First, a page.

Review: The Prime of Miss Jean Brodie

Last year, I was engaged in a search for books featuring unmarried women who nonetheless lead lives (or, at any rate, experience some events) worth the reading.  Muriel Spark’s The Prime of Miss Jean Brodie made it to my list; I checked it out of the library; annnd it was promptly ignored for months and months, as I hemmed over my bookshelf and let myself be waylaid by other considerations.

Miss Jean BrodieHaving actually cracked it a week or so ago, I found it to be a fairly quick read.  Miss Jean Brodie teaches at a girls’ school in Edinburgh, and selects for herself a set of girls to be her crème de la crème: the girls who accompany her to museums, the theater, various rough neighborhoods, and tea at various houses.  Each one becomes famous for a certain trait or ability (from mathematics to sex, apparently), and the set as a whole are more devoted to this teacher and what she teaches them than they are to the school or their respective houses.  As the official summary puts it:  Determined to instill in them independence, passion, and ambition, Miss Brodie advises her girls, “Safety does not come first. Goodness, Truth, and Beauty come first. Follow me.”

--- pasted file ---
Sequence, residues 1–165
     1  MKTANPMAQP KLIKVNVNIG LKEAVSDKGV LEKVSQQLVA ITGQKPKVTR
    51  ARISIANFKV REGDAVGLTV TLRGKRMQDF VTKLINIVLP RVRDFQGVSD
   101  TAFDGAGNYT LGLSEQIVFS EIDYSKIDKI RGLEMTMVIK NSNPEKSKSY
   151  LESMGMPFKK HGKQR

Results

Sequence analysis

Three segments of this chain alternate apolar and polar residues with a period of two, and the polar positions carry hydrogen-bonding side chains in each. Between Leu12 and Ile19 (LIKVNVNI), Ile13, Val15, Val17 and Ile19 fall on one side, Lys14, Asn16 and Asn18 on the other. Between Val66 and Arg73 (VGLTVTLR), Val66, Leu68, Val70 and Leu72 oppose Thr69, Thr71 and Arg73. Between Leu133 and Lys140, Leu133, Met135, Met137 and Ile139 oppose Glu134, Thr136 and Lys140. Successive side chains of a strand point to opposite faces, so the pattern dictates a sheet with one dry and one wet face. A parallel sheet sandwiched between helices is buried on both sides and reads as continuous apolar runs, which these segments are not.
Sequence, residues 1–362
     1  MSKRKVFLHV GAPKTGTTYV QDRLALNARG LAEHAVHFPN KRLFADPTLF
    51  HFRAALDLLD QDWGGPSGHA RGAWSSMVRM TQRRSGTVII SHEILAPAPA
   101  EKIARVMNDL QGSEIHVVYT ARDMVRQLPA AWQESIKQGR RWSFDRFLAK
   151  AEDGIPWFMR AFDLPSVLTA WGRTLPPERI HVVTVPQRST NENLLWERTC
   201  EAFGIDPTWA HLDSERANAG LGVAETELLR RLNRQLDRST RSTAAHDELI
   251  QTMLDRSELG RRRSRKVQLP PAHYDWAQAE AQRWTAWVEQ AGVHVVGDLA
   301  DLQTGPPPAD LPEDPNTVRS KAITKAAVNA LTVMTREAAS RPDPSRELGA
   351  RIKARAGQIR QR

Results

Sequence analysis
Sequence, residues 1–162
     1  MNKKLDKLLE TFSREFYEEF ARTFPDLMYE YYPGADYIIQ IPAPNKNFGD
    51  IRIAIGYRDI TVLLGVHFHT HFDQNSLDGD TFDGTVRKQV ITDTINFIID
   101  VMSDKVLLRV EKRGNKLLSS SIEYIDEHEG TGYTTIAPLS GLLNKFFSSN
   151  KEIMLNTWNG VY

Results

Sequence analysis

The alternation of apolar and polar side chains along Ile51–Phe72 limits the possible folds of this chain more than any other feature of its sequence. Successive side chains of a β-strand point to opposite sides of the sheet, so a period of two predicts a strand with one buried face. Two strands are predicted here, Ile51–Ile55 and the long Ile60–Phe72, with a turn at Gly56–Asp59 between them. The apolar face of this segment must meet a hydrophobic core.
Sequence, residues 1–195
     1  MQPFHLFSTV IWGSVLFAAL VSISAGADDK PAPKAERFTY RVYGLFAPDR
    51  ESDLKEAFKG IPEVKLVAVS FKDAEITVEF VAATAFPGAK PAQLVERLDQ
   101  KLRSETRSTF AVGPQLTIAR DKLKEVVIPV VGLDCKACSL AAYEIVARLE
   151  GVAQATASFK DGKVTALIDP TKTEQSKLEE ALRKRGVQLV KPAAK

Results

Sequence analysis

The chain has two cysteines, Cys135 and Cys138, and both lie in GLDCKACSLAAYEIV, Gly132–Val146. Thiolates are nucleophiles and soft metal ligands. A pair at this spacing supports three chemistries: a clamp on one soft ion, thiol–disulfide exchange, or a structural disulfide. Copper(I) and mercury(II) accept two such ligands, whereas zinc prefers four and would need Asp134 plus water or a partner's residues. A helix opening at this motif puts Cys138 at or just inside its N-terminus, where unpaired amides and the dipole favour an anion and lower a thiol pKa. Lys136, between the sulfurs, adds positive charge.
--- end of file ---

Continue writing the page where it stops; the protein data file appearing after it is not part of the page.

She doesn’t follow the usual curriculum nor the usual pedagogical methods, and is therefore something of a target for the criticisms of the headmistress and other staff – except for the men, who are rather taken with her.  As she never marries any of them, the story technically still fits my criteria…but I really wasn’t looking for someone who jumps in and out of unhealthy or adulterous relationships.

I also wasn’t looking for someone who declared “I am in my prime!” every page or two.  Miss Brodie’s prime is mentioned 57 times, without further digging into what one’s prime is or why it matters that she is in hers.